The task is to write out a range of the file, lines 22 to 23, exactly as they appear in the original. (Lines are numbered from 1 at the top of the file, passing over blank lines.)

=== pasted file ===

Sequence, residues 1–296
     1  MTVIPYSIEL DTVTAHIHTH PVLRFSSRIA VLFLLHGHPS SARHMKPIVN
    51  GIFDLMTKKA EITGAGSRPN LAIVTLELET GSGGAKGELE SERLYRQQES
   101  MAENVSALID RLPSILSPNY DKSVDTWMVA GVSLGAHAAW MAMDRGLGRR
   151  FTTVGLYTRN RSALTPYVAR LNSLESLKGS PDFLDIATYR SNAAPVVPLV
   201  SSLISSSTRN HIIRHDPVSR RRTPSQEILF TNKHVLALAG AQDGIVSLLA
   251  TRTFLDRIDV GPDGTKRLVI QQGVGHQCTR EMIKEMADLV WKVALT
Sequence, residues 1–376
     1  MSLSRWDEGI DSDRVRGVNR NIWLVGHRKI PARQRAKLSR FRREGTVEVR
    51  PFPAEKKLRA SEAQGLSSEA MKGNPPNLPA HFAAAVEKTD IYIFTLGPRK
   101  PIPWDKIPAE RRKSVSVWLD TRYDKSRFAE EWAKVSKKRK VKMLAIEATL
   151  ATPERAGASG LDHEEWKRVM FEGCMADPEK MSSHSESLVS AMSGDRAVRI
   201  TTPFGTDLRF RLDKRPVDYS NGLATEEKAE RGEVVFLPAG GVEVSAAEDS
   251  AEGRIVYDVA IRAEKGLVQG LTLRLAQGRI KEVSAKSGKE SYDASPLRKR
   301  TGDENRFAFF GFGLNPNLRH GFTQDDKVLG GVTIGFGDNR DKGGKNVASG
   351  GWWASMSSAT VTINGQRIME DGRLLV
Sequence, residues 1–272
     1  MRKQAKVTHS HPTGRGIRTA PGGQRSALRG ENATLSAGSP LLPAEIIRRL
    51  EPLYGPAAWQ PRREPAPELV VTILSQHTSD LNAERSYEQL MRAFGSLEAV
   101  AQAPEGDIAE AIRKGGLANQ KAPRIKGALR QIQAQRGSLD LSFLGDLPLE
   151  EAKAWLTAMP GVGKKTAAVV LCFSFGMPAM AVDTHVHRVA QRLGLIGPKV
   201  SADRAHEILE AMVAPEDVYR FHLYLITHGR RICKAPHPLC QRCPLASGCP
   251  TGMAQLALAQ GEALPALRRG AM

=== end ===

   201  SADRAHEILE AMVAPEDVYR FHLYLITHGR RICKAPHPLC QRCPLASGCP
   251  TGMAQLALAQ GEALPALRRG AM